Memorizing the following logarithm values is a good place to start
January 20, 2017 9:43 AM   Subscribe

Physicist Enrico Fermi famously arrived at the approximate strength of the Trinity test explosion by dropping pieces of paper and watching how far they drifted. Estimates with little or no data are now called Fermi problems, including the famous "How many piano tuners are there in Chicago?" and the Drake equation. Fermi Questions has been an event in the Science Olympiad, a competition in American K-12 schools, where competitors must estimate amounts such as the number of playing cards it would take to equal the mass of Betelgeuse (2x10^34, or twenty decillion). Practice your wild estimates at FermiQuestions.com (tutorial here).
posted by Etrigan (47 comments total) 55 users marked this as a favorite
 
You gotta start by realizing how many out-of-tune pianos there are that no one hires a tuner for
posted by thelonius at 9:51 AM on January 20, 2017 [11 favorites]


As a physicist, and a U of C graduate especially, this problem solving technique is deeply ingrained in my being. Not only did I learn this in Stat Mech and the undergrad lab courses, it came up again during qualifier exams in grad school. In fact, the one that sticks in my head was "How many dentists are there in Ann Arbor, MI? Show your work."
Go Blue
posted by cyclotronboy at 9:54 AM on January 20, 2017 [8 favorites]


I bought a house from a guy who spent his retirement as an itinerant piano tuner, flying around the country to tune pianos in a small, general aviation plane that he piloted himself. So, for the piano tuners in Chicago question, I'm going to answer: at most one.
posted by tobascodagama at 9:55 AM on January 20, 2017 [10 favorites]


(I just glanced at Wikipedia's proposed solution to the piano tuner question, but I think it drastically overestimates what proportion of pianos are tuned regularly rather than left gathering dust in people's living rooms.)
posted by tobascodagama at 9:57 AM on January 20, 2017 [6 favorites]


Right! That's the problem with these as test questions. I don't know how many patients a dental practice serves, or how many people don't go to the dentist, or only go once every three years. I don't even know how many people there are in Ann Arbor. So how can I Fermi-ize in any meaningful way, unless I am allowed to do a little research?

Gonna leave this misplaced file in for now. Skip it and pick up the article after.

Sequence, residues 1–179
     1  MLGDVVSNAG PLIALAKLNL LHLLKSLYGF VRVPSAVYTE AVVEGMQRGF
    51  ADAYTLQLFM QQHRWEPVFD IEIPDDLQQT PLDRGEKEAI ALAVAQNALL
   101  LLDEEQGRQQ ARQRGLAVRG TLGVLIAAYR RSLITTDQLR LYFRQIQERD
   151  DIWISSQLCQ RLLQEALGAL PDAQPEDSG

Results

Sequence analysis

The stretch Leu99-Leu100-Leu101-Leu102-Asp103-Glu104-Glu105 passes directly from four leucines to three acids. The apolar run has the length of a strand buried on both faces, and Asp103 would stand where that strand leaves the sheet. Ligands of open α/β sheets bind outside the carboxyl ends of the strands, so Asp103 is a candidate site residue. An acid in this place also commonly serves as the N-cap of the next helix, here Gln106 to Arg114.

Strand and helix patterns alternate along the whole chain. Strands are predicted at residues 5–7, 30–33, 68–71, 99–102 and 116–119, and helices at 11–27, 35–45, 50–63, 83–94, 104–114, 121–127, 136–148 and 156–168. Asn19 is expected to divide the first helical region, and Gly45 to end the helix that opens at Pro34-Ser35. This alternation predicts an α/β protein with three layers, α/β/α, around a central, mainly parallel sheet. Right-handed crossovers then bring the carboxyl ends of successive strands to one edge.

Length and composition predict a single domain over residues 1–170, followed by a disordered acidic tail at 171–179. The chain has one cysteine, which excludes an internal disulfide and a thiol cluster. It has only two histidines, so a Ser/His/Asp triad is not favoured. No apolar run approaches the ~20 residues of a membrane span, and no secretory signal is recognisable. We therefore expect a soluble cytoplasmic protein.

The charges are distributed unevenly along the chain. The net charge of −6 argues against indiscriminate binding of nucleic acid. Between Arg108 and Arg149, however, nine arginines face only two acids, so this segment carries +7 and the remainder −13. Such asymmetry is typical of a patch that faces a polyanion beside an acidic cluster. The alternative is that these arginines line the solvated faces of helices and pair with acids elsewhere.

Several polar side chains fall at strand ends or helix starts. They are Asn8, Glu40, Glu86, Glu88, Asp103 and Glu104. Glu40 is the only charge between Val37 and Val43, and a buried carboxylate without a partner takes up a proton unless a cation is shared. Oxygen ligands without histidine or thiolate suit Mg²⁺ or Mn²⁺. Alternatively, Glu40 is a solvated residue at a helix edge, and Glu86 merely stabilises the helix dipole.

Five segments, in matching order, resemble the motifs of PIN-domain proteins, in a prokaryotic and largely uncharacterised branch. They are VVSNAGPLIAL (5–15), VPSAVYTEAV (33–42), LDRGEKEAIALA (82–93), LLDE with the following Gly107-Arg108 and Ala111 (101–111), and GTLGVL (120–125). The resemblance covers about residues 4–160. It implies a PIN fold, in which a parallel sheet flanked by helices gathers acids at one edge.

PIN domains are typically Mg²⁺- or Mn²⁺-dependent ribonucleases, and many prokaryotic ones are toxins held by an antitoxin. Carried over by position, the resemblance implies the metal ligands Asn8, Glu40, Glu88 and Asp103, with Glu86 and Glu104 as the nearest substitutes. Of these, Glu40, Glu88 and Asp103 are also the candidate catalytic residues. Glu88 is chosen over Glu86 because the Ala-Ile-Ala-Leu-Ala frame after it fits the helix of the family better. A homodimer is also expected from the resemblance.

posted by thelonius at 10:02 AM on January 20, 2017 [4 favorites]


Not knowing the answer to any of those questions, I quickly cooked up an answer of 30 dentists. I'm probably not off by an order of magnitude.
posted by figurant at 10:08 AM on January 20, 2017 [5 favorites]


I don't know how many patients a dental practice serves

How long do you think the dentist spends with you? Does that sound high or low? How many times do you think the dentist can repeat that each day? It's about turning "How many dentists are in Ann Arbor?", a question you cannot possible answer, into a bunch of questions that you can come pretty close to. And you're probably wrong, but you're probably wrong about the other questions in that bunch too, and you're likely wrong in opposite ways, so your various wrongnesses can cancel each other out.
posted by Etrigan at 10:12 AM on January 20, 2017 [16 favorites]


I bought a house from a guy who spent his retirement as an itinerant piano tuner, flying around the country to tune pianos in a small, general aviation plane that he piloted himself.

Someone get Werner Herzog on the line; I think we've found the subject for his next film.
posted by Atom Eyes at 10:12 AM on January 20, 2017 [18 favorites]


congratulations on ruining productivity today for the entire engineering staff.
posted by Dr. Twist at 10:16 AM on January 20, 2017 [10 favorites]


I don't even know how many people there are in Ann Arbor.

I know *of* Ann Arbor, but not much about it. That says to me that it's under a million, but more than 100,000. So say 500,000 people.

Google says 117,025. So I was off, but within the order of magnitude of Fermi questions.
posted by Quindar Beep at 10:17 AM on January 20, 2017 [7 favorites]